To interpret this ceremony as due to fear and as an indication that the spirit of the deceased is regarded as an evil spirit, would be unreasonable on two accounts. First, the ceremony is always associated with demonstrations of grief, and therefore probably adds volume to the flow of that emotion, whereas fear would check it. Next, death is not the only occasion on which the blood of the tribe is applied to the body of a clansman: at birth, at the dawn of manhood," and at marriage, the same ceremony is observed, and it is reasonable, therefore, to suppose that it has the same intention. On those occasions the object is to communicate the blood which is the life of the clan to the clansman when he has especial need of it. I would suggest, therefore, that originally the blood-letting rite at the grave was one of the various devices, described in Chapter V., for retaining or recalling the life which was on the point of leaving, or had left, perhaps not beyond recall, its earthly tenement; and that the blood was intended to strengthen the bond between the clansman and his clan at a time when it was obviously tending to snap.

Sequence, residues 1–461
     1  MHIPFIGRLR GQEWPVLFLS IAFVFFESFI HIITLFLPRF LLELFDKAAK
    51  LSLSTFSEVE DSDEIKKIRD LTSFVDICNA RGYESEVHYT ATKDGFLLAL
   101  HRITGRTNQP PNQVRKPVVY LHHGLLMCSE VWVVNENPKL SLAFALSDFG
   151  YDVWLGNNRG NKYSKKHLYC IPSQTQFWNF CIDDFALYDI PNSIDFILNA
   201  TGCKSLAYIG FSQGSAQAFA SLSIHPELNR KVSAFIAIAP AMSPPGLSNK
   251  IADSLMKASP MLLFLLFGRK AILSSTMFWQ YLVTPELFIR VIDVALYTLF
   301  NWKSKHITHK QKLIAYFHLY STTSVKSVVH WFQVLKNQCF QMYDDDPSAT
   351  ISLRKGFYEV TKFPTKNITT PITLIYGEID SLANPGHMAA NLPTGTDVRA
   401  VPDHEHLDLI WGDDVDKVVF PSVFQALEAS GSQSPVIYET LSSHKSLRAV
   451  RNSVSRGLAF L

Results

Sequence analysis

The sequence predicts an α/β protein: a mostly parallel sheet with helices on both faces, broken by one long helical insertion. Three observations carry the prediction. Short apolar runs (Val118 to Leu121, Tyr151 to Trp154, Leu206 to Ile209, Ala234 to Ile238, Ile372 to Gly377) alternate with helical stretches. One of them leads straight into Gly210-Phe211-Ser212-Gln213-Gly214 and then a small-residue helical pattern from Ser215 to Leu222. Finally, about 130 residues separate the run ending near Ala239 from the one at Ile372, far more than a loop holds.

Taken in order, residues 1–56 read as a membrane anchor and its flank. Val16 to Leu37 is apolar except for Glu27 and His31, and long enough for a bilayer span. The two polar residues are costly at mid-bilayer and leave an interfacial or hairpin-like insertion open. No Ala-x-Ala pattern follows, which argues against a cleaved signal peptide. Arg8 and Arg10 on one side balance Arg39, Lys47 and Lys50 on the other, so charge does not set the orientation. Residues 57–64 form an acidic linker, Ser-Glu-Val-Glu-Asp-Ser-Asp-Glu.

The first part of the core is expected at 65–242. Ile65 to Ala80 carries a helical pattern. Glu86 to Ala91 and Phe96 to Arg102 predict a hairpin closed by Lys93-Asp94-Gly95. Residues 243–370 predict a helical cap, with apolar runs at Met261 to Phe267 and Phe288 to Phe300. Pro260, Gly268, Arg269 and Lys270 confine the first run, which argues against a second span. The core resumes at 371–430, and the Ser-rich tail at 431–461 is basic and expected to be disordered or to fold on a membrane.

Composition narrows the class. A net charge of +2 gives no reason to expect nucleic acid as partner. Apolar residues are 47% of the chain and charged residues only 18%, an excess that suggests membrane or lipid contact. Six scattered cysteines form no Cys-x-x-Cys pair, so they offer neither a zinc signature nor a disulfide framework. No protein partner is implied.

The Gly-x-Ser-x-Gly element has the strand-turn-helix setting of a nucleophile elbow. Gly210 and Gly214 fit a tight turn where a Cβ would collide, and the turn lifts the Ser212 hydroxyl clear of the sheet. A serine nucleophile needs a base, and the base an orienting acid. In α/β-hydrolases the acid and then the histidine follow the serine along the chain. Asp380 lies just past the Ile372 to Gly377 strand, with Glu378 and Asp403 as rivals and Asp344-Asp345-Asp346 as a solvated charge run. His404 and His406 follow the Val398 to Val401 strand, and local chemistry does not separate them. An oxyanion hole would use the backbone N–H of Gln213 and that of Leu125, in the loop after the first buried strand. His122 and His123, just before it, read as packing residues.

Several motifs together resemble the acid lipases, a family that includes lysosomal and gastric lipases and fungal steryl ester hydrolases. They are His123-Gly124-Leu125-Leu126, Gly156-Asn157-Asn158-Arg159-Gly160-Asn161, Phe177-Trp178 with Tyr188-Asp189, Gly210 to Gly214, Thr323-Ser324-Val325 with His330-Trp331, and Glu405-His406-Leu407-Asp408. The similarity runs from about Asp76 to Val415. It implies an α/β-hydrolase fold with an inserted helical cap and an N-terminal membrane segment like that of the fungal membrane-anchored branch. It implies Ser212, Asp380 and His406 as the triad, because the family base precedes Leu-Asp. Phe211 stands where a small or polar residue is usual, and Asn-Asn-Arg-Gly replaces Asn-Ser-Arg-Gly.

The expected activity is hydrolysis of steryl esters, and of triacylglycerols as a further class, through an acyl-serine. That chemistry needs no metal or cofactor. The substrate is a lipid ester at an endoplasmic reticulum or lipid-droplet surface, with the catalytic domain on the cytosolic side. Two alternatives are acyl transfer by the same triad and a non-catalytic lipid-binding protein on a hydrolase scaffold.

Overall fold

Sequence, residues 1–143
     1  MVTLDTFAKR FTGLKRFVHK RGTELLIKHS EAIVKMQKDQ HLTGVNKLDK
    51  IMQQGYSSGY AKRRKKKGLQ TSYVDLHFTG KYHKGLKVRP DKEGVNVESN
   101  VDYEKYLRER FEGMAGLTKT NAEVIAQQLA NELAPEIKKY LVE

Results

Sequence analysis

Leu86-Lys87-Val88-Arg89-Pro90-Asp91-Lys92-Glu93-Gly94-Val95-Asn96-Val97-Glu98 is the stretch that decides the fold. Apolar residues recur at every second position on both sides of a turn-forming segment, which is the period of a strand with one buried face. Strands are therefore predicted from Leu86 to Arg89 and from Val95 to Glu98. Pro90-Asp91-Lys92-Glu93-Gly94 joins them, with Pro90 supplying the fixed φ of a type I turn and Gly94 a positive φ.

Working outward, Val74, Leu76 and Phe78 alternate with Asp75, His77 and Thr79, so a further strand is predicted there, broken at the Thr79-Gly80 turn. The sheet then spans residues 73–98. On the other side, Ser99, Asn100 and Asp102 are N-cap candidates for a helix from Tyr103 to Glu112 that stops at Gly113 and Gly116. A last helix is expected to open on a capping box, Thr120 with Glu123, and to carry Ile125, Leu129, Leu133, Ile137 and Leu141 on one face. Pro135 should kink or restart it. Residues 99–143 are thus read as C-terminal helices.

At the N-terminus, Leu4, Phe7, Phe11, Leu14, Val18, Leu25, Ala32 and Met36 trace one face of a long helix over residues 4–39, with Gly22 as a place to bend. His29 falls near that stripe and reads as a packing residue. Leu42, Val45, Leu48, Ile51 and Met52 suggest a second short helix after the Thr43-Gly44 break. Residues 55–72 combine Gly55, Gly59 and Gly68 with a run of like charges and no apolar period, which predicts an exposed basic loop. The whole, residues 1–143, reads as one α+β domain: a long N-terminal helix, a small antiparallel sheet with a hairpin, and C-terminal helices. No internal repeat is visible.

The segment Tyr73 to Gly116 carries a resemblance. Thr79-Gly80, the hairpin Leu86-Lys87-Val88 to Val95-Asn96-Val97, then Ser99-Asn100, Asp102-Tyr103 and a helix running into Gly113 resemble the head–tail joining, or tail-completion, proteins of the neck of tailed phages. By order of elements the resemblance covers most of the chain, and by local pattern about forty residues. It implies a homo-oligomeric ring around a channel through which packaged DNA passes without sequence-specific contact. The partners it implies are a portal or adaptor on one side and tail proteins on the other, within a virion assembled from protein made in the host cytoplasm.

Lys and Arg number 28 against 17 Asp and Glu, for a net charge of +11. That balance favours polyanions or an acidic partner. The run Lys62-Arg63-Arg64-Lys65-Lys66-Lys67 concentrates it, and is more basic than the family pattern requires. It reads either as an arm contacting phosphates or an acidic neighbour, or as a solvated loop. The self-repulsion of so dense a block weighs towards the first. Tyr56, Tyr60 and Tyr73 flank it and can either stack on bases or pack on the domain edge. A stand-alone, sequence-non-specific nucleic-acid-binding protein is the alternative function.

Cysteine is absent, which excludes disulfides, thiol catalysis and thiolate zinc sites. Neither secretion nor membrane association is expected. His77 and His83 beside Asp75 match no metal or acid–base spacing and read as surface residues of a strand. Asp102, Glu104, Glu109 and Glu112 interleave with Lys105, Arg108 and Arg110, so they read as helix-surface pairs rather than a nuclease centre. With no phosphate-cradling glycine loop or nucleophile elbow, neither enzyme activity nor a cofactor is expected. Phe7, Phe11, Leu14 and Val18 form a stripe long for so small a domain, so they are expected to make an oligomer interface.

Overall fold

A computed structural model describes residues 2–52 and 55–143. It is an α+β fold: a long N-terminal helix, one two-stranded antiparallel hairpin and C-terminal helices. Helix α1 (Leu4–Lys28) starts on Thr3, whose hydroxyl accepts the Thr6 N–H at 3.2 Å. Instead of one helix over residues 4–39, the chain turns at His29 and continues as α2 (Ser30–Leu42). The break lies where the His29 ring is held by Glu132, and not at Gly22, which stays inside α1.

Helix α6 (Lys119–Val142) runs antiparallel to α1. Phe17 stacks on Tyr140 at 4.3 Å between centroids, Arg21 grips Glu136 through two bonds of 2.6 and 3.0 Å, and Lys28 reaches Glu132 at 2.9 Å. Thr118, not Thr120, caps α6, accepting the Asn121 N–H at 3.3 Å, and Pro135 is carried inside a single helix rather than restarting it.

But as the outward acts which constitute the ceremony tend by a natural process to become less revolting and less cruel until eventually the actual effusion of blood is dispensed with, and some other colouring matter takes its place; so the feeling and the ideas of which the outward act was the expression, tend to change with changing circumstances. When this demonstration of grief and of affection has become conventional, the neglect of it inevitably comes to be regarded as a want of respect to the deceased, and the performance of it is regarded no longer as a crude attempt to give fresh life to the deceased, but as something done to please him. Hence, in the Tonga Islands, they “wound the head and cut the flesh in various parts with knives, shells, clubs, spears, etc., in honour of the deceased”;and in Samoa the blood is regarded as an offering to the dead. “Doleful cries are
Turner, Polynesia, 93.
? Ellis, Tshi-speaking Peoples, 268. 3 Supra, p. 76. Supra, p. 103.
Supra, p. 171. 6 Mariner, Tonga Islands, ii. 212.